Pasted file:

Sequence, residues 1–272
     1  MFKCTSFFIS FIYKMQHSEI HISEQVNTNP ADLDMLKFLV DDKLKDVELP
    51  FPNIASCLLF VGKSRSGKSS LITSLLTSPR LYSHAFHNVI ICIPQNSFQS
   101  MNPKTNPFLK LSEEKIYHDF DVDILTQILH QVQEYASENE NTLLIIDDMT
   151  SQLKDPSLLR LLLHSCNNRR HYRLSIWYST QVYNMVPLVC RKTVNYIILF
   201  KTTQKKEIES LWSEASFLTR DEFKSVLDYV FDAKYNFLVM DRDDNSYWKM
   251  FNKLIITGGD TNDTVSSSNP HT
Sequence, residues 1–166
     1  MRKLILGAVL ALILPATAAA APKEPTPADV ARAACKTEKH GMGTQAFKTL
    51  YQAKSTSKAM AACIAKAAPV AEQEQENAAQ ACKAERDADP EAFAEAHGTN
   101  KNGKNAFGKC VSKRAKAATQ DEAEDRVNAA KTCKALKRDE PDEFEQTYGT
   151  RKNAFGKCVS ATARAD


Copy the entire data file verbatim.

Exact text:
Sequence, residues 1–272
     1  MFKCTSFFIS FIYKMQHSEI HISEQVNTNP ADLDMLKFLV DDKLKDVELP
    51  FPNIASCLLF VGKSRSGKSS LITSLLTSPR LYSHAFHNVI ICIPQNSFQS
   101  MNPKTNPFLK LSEEKIYHDF DVDILTQILH QVQEYASENE NTLLIIDDMT
   151  SQLKDPSLLR LLLHSCNNRR HYRLSIWYST QVYNMVPLVC RKTVNYIILF
   201  KTTQKKEIES LWSEASFLTR DEFKSVLDYV FDAKYNFLVM DRDDNSYWKM
   251  FNKLIITGGD TNDTVSSSNP HT
Sequence, residues 1–166
     1  MRKLILGAVL ALILPATAAA APKEPTPADV ARAACKTEKH GMGTQAFKTL
    51  YQAKSTSKAM AACIAKAAPV AEQEQENAAQ ACKAERDADP EAFAEAHGTN
   101  KNGKNAFGKC VSKRAKAATQ DEAEDRVNAA KTCKALKRDE PDEFEQTYGT
   151  RKNAFGKCVS ATARAD